As you may know ECMAScript 6 is almost done. In fact it has a mid-2015 release date. It's the first update to the language since ES5.1 which was standardized in 2011. ES5 was standardized in 2009 so it's been a while since a major release.

For those who aren't familiar ECMAScript is the scripting language standardized by Ecma International using the ECMA-262 specification, according to Wikipedia. Netscape delivered JavaScript to Ecma International in 1996. JavaScript is a dialect of ECMAScript so it shares many of the features.

Here are six features of ES6 that are great.

Template Strings

String interpolation makes it much easier to add variables to your strings. To use this feature you'll need to use back ticks and place holders ${ }.

var x = 1;
var y = 2;
`${ x + 1} + ${ y } = { x + y + 1}` // 1 + 1 + 2 = 4

We can also use string values as well.

message = `Hello ${name} how are you doing`

Destructuring Assignment

We can now do array matching. The syntax mirrors the construction of an array and object literals.

[a, b] =[3, 4]
var foo = ["one", "two", "three"];
var [one, two, three] = foo;

You can even swap variables.

var a = 1;
var b = 2;

[a, b] = [b, a]

Arrow Functions

Arrow function expression is a shorter syntax compared to function expressions. They are also anonymous

odds = => v + 1)

//equivelent ES5
odds = (v) { return v + 1});


With modules you can now export/import symbols from/to modules without causing any global namespace pollution.

A module can export multiple things, you just need to declare it with the keyword export. Anyone that uses Ember will be quite familiar with this.

//  lib/math.js
export function sum (x, y) { return x + y }
export var pi = 3.141593

//  someApp.js
import * as math from "lib/math"
alert("2π = " + math.sum(math.pi, math.pi))

//  otherApp.js
import { sum, pi } from "lib/math";
alert("2π = " + sum(pi, pi))

These are named exports. You can also import the whole module and refer to it via its property notation.

 //------ main.js ------
    import * as lib from 'lib';
    console.log(lib.square(11)); // 121
    console.log(lib.diag(4, 3)); // 5

I lifted this example on modules from 2ality so check them out for more information.

Class Definition

You can now create more intuitive, OOP-style and boilerplate free classes. They are just simpler and clearer then the objects and prototypes that we are used to working with.

class Shape {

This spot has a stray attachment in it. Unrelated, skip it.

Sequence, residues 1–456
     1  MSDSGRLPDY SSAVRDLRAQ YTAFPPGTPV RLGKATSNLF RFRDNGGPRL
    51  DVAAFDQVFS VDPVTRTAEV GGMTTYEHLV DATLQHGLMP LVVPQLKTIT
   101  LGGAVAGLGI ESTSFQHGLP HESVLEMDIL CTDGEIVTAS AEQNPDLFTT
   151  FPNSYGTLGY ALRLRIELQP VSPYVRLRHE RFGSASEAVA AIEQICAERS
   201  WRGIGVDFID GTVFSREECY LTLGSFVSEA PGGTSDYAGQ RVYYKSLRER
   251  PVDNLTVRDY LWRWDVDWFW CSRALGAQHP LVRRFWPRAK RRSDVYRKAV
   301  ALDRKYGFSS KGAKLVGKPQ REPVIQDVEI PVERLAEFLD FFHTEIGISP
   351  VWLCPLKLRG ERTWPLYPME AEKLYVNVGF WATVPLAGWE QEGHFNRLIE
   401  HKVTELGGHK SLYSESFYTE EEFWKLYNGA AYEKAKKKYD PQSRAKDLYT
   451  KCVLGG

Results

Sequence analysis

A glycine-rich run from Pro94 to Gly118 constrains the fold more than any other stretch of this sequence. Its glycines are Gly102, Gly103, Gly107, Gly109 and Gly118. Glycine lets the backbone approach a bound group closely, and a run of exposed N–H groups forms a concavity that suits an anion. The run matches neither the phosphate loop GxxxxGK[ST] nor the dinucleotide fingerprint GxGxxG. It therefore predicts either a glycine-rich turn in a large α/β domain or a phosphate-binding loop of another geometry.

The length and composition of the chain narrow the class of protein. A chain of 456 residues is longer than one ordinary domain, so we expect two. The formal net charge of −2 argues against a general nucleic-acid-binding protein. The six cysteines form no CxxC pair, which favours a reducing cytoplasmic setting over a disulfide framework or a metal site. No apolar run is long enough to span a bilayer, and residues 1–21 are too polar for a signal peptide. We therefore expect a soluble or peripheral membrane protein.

constructor (id, x, y) { = id
        this.move(x, y)
    move (x, y) {
        this.x = x
        this.y = y


The last thing I want to cover is promises. The promise object is used for deferred and asynchronous computations. A promise can be pending, fulfilled, rejected, and settled.

Here is an example of creating a promise.

   var promise = new Promise(
        function (resolve, reject) { // (A)
            if (...) {
                resolve(value); // success
            } else {
                reject(reason); // failure

And this is how you might fulfill or reject.

        function (value) { /* fulfillment */ }, function(reason) { /* reject */}

You can also .catch rejections.

Future Reading

These are just a few new features you should expect in ES6. If you want you can already use a lot of them via an es6-transpiler like Babel. Frameworks like Ember and Aurelia already have this built in.

Want to learn more? Check out the links below.

Of course sign up for my mailing list and I'll keep you up to date on the latest in JavaScript, front-end frameworks and more!

The Best Online Courses on Learning JavaScript

Looking to take your learning a step further with online courses? Are you wanting to jump into ES6? I recommend the following courses from Udemy. This is an affiliate link, which means you get help support this blog at the same time! User code SUMMER757 to get 75% off!

Beginning ES6, The Next Generation of JavaScript

JavaScript for Beginners - Start to Finish, Quick and Easy

Comprehensive JavaScript Programming

Image Credit HTML5hub

6 New Features Of ES6